Alone and Insignificant
Welcome freshmen, first-years, and everyone here for entertainment. As a little introduction, this is the Freshman Chronicles, a place in the SPECTRUM where I am recording my experiences as a freshman.
Up to this point, the Freshman Chronicles has been about some pretty surface-level stuff, but this installment is going to be a little different. This week we are focusing on mental health, and when I was given this topic, I knew exactly what I wanted to write about, so I got to work.
The following is something I wrote when I was in my feels and needed to get some thoughts out. This might be a small example of my problem with oversharing but pay no mind to that.
“I am feeling very alone right now, both literally and figuratively. I feel alone in the literal sense in that it seems like I haven’t made many friends. This has caused me to depend on about the same three people to be free, so I don’t have to be alone.
I’m not sure if any of you can relate, but I am the kind of person who hates being alone most of the time. It’s not that I’m an extrovert who requires social activity to supply me with energy because I usually love my alone time.
It just seems like something has changed since I moved to college: I don’t like being alone anymore, so the prospect of having to eat alone or even go to the library and do assignments alone isn’t very enjoyable.
I prefer to have company when doing just about anything, so when the few friends I do have all have other friends they’re hanging out with, I tend to feel a bit alone and like I’m not doing something right with college, which leads me to how I am feeling alone in a figurative manner.
I don’t think I have ever felt so much like I do and don’t belong at the same time in my entire life.
It is so confusing and estranging to be surrounded by people who don’t care about what is going on in your life. The fact that just about nobody on campus knows my name or who I am as a person has created a sense of loneliness and the realization of my insignificance(which can also be a comfort).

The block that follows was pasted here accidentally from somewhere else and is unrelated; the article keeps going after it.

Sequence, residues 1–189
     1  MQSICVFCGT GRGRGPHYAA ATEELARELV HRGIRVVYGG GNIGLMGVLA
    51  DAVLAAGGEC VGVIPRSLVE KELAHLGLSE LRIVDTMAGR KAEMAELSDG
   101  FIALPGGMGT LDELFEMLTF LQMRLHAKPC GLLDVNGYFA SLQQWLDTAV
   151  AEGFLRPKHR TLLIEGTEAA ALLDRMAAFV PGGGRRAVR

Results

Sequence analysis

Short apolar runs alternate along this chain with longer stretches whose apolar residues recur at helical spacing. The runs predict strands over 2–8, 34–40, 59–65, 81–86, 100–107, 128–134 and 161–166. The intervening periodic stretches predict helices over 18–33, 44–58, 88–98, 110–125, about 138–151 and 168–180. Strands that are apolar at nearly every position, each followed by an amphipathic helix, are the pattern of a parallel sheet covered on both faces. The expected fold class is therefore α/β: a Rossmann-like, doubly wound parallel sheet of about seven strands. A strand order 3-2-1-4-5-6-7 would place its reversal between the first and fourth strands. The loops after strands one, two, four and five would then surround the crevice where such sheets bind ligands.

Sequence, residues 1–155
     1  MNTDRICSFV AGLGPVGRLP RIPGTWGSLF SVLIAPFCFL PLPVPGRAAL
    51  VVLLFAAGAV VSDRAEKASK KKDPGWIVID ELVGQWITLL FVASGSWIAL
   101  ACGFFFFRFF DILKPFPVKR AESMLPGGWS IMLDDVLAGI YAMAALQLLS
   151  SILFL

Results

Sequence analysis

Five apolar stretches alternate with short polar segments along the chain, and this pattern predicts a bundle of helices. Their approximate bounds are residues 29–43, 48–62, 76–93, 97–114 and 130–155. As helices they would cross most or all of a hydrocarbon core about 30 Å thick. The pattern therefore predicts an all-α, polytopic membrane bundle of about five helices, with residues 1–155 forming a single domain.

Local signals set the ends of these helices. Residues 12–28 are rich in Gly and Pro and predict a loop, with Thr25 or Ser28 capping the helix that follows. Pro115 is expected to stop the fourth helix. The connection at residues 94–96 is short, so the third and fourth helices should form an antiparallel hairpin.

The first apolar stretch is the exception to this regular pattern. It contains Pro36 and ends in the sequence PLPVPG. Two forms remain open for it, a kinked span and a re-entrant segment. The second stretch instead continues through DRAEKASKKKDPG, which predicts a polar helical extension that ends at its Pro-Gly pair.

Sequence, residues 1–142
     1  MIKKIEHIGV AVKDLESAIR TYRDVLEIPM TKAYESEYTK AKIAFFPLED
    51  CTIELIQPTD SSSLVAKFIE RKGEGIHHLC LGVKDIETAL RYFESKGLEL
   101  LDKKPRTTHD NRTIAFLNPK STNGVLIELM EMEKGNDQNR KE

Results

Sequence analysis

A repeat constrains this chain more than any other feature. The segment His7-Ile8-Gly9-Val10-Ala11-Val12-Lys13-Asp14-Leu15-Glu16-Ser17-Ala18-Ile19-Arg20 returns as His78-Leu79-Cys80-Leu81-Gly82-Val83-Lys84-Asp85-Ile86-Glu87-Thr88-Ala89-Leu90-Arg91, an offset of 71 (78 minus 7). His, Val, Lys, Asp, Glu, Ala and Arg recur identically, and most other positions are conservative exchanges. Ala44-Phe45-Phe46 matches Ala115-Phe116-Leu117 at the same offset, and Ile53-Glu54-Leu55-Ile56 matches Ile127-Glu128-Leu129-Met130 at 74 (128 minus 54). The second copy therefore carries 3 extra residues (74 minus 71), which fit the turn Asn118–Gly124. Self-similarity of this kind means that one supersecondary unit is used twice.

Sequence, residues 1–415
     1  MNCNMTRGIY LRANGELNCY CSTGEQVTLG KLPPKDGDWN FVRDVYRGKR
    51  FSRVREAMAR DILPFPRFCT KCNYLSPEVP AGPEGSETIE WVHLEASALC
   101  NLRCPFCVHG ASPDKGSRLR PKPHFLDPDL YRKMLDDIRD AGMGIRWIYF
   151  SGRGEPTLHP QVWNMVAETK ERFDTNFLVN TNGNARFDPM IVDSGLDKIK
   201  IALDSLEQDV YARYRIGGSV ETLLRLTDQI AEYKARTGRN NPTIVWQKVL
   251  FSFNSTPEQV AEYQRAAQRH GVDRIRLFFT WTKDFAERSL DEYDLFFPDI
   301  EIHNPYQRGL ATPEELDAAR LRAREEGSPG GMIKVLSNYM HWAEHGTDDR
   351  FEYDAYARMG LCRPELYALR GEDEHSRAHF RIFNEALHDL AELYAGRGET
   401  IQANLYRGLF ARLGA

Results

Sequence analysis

Another part of this is that everyone around me seems to have their lives together with their abundant friend groups, constantly busy schedules, and overall ability to make it through the college experience with such ease.
I am, one, not doing a great job at making friends; two, never busy and therefore feeling useless and unproductive; and three, having a hard time doing simple tasks like studying. From the outside perspective of myself observing others, it feels like I am the only one struggling here.”
I wrote this a few weeks ago, and although some of it has changed, I can say with confidence that there are a few things that still reign true to me. The transition to college can be difficult and is most definitely bringing a lot of things to my attention about not only myself but those around me.
We’re always told that when we go to college, we are going to have the best years of our lives, where we’ll find our lifelong friends, have experiences that will change us as a person and become the people we are truly meant to be, but nobody ever talks about how stressful not only those expectations are but everything that comes with college.
Throughout the last month or so, I have realized that “the college experience” isn’t all that it’s cracked up to be. Yes, some people will find their best friends and get to truly enjoy their college experience, but there are also people that are here to get an education and have to work in their free time to pay for their education.
There are others still who are simply here because they were told by someone in authority that college was the “best option” and that if they didn’t go to college, they would never succeed.
There are so many different situations in each of our lives that just about nobody else sees, so the next time you’re feeling alone, find comfort in the fact that there are a lot of other people feeling the same way.
I talked a lot about how alone college can make you feel, but I never touched on all the things you can do to remedy this. My favorite thing to do is surround myself with my friends.
Although it can be difficult to reach out and ask for help, friends are the best people to do this with. If they are good friends, they will make you feel loved and important and help you realize that you aren’t the only one going through it.
Another way you can cure your feelings of being alone is by simply looking at yourself in the same light you look at others. You might look at someone and think they have it all together while someone is looking at you and feeling the same exact way. You need to stop viewing your life in a negative way and try to give it a more positive connotation.
The last way I like to not necessarily avoid the feeling of loneliness but embrace it is to make myself feel like the main character. My favorite tactic is blasting music either while I’m on a walk or driving. I can’t explain why, but this always makes me feel more alive and helps me live in the moment.
I know now that no matter how alone and intimidated I feel by those around me, there is a good chance that someone else is having those same thoughts, which also makes me feel a little less alone.
I hope you all enjoyed being my stand-in therapist and use this as a reminder that you are not alone. With that, I wish my fellow freshman good luck and God’s speed.